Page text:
Another very important factor to make mental notes of is injury situations. You could field a couple of very good fantasy squads with players whose seasons’ have been cut short due to injury. There will be some players to be wary of due to injuries, while others will fly under the radar and be great value picks as they rebound from their setbacks.
Barring a miraculous recovery Adrian Peterson will not be considered in the early first round of your draft next season. Where should you consider him? You have to ask yourself some important questions…can Peterson rehab from his gruesome knee injury in time to be back for the start of next season? If he does, where do I draft him? What will the injury and Toby Gerhart’s ability to fill in mean for Peterson’s workload going forward?
Other players like Kenny Britt may be largely forgotten after suffering an early season injury that put him on the shelf. Britt has had several more months than others to recover and will likely have the luxury of participating in offseason drills to continue his comeback and work on his conditioning. These are the types of details you need to be aware of as you prepare for next season.
One last bit of useful information you need to have as you put this season to rest is the scoring leaders and stats for your league’s scoring system. This information is useful to help you sort the stats that are of particular importance to you. Many publications and sites will give you generic rankings and projections but being able to see how players performed specific to your league’s set of rules will go a long way in how you, not only rank players, but how you establish positional tiers. Any successful fantasy owner will tell you that you draft your team based on what you feel the players will do this season, not what they did last season, but you can’t ignore how the specific roster makeup and scoring system weight the value and importance of certain stats or positions.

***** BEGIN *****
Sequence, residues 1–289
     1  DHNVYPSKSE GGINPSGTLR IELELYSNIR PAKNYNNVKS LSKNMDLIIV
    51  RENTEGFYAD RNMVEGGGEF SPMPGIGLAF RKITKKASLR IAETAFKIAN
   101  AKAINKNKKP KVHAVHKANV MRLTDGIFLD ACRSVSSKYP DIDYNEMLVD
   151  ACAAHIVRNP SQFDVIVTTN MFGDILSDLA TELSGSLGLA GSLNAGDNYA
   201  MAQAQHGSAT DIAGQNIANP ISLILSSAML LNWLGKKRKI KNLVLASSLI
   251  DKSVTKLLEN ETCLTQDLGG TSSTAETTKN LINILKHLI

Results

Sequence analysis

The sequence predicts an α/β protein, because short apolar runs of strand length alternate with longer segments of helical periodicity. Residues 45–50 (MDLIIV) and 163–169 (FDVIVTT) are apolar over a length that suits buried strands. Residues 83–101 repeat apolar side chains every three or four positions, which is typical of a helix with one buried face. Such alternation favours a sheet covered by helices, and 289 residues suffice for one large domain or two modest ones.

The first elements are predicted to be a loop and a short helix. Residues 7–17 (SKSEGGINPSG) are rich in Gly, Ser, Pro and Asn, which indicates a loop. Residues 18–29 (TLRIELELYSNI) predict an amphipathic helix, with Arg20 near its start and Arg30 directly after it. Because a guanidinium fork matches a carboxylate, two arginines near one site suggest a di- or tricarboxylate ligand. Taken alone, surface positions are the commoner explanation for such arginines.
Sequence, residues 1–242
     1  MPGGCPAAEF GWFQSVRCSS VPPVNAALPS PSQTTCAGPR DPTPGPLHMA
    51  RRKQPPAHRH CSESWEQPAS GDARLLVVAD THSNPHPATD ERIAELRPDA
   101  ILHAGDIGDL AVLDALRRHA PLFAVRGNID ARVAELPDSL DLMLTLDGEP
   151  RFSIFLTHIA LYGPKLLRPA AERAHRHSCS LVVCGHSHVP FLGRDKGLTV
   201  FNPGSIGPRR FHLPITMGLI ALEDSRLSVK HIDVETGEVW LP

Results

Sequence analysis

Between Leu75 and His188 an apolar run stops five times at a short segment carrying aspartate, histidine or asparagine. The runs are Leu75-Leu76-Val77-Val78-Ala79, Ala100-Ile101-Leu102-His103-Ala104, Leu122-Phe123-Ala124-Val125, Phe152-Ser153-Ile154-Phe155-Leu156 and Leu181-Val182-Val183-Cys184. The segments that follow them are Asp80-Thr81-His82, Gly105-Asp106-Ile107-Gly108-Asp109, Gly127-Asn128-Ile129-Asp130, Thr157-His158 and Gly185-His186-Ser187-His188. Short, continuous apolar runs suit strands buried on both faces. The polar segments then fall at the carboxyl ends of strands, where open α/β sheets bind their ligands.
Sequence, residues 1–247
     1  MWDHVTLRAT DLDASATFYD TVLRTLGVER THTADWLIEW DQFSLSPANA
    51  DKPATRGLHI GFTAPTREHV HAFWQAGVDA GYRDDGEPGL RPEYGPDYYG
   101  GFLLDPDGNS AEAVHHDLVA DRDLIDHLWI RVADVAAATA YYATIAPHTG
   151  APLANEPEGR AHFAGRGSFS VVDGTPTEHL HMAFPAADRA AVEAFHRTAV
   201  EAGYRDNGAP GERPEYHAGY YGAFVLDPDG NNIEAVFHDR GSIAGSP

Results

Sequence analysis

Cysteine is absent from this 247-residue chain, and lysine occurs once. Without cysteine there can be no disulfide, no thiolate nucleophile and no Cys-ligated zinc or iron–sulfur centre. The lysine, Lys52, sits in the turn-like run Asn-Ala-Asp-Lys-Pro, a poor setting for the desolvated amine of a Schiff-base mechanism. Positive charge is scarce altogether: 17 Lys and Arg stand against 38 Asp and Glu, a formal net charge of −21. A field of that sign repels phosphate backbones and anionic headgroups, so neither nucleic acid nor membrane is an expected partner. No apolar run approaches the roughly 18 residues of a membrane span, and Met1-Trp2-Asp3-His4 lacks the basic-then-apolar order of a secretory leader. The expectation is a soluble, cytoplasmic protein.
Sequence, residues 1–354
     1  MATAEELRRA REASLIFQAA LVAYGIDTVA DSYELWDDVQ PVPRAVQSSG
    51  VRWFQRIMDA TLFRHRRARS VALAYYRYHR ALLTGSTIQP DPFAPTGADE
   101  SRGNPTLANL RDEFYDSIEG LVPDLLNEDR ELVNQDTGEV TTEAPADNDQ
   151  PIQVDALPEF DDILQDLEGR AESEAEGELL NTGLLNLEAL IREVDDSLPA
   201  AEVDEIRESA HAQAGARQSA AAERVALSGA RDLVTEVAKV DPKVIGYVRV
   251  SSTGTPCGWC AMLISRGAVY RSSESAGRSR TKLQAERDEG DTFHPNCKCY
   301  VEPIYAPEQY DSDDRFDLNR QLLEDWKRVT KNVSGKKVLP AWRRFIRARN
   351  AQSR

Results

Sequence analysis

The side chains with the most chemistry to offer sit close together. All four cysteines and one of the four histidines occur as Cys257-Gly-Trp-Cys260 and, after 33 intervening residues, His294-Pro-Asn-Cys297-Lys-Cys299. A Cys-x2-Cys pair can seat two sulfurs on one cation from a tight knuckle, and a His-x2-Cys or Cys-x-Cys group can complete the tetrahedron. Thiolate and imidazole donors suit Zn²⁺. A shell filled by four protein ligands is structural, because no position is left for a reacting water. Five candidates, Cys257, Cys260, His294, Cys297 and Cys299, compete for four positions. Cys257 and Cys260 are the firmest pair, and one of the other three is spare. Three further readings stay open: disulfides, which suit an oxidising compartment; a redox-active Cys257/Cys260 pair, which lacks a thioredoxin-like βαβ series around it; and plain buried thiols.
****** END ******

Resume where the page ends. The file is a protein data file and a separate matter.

I hope you enjoyed your fantasy football season, learned some things, won your league and maybe even took a little money off your buddies. Have a great offseason and keep checking back for more updates!